In February 2015 I went down to Texas to run the first mobile class down there. I was invited to do so because of all the big name instructors that the ranch had hosted, none had agreed to take it beyond the flat range and do actual tactical training. ‘Actual tactical training’ is what MVT excels at.



We have now developed an extensive class list that represents a progression from flat range work up to squad level leadership training. The VTC has been extensively developed.


In order to bring another dimension to the tactical training, we became a UTM approved training facility and purchased UTM bolts and equipment. This has allowed us to finally move into Force on Force / CQB training, and do it right. We have now built a UTM scenario / training site at the VTC. Work remains in progress.

In 2016 the quality of training offered by MVT was spotted by Special Operations Forces and we were utilized as a training venue. We have more teams returning this year. I have no intent to move away from training civilians as the main focus of the training mission, but SOF are more than welcome.

We have also laid on extensive mobile classes across the country in 2017. In 2016, we added Idaho and will be going back in May. We also have Missouri, Georgia and Kentucky on the calendar. Running the patrol class last year in Texas forced me to develop steel shields to protect the pop-up targets, in order to let me take them mobile (not using target pits) and run an effective training scenario for ambush. On mobile classes we run a combination of stick-in Ivan targets and electronic pop-ups. This year, we added CITTAC ‘ground & pound’ steel behind the Ivan stick-ins for excellent feedback on hits. We keep getting better at what we offer both at the VTC, and on mobile classes.


The Training Industry 


MVT is determined to offer combat proven tactical training to solid citizens. And we do. Many companies train Law Enforcement and Military almost exclusively, and some even refuse to train civilians, or perhaps only in a limited way; basic ‘dynamic entry’ CQB classes is an example. What has amazed me more than anything is the resistance to the type of holistic, progression based, realistic live fire and force on force training that MVT offers. I am not referring to students, although of course there is always some fanboy on the internet who truly ‘does not know what he does not know’ who will try and attack MVT at the mere sight of a video or something similar.  No, I am referring to something on the actual industry side. Most of the industry is not a tactical thing in any way, simply designed for marketing to firearms hobbyists. They are, in general, selling a bad tactical philosophy via bad training, easy training for lazy instructors to run on flat ranges, but tactically unsound and not involving any sort of progression beyond square range drills. I will explain.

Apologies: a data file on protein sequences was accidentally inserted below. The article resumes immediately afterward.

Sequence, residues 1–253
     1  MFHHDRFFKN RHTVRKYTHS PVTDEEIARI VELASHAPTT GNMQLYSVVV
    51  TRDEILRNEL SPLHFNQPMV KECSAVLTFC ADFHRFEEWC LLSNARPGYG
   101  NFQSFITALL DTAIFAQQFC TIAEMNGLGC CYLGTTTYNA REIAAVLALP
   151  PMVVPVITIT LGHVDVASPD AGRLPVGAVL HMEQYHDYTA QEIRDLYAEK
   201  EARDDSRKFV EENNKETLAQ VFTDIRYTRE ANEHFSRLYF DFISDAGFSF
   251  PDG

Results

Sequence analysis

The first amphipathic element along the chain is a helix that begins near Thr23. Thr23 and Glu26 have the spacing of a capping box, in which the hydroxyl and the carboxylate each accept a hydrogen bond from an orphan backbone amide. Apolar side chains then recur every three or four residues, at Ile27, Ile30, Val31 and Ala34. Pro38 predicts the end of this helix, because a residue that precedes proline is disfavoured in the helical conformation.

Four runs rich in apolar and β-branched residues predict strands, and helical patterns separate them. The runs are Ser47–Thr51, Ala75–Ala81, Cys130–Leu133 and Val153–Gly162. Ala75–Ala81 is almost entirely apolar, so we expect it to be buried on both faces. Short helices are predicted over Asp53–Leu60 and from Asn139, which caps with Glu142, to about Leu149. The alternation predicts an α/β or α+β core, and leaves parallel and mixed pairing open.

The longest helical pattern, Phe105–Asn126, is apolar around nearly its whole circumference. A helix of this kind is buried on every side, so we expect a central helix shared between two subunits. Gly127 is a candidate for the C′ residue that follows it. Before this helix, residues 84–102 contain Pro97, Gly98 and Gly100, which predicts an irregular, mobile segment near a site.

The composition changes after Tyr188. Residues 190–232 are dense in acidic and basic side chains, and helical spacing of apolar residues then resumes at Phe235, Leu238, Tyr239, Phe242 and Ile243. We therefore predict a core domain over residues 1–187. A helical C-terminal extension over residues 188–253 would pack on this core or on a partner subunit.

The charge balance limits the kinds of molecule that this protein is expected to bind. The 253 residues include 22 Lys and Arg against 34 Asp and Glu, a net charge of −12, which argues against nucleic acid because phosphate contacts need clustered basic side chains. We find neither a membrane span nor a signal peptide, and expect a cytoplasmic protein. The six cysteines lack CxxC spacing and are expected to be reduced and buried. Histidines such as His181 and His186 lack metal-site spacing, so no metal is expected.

How do I know? Well, for example there are some trainers who will vocally tell you that they refuse to teach civilians anything beyond buddy pairs on a flat range, as if it is some sort of dangerous secret that must not get out, rather than essential warrior skills that should be known by any man of action. How do you think I ended up running classes in Texas? You only have to go on Instagram, which sadly I do because I am a business and have to attempt marketing, to see how retarded the industry is. And the thing is, we here at MVT have posted some truly amazing video of real combat training in progress. If anything is cool, that is cool, but it will not gain traction. I smell a rat. By any rights, MVT is the cool kid in town. What we do really is cool.

The civilian training industry out there is a nightmare. I have talked before about ego, and Dunning-Kruger, and all of that. I will not go into that in detail now, but merely make a few points. Most of what I see out there is not in any way tactical. You have big name guys who teach not much more than running a carbine on a flat range in a cool-guy manner, for which they have legions of fan-boys. When they do lay on a Small Unit Tactics (SUT) class the class description makes it plain that it is poorly designed and implemented. You have legions of fan-boys and hobbyists only interested in the gear / firearms, gun-bunnies, veteran coffee, and how to stand there and run a carbine really fast at 3 targets 7 yards away, and probably throw in some shot-timer transitions to handgun as well. Garbage.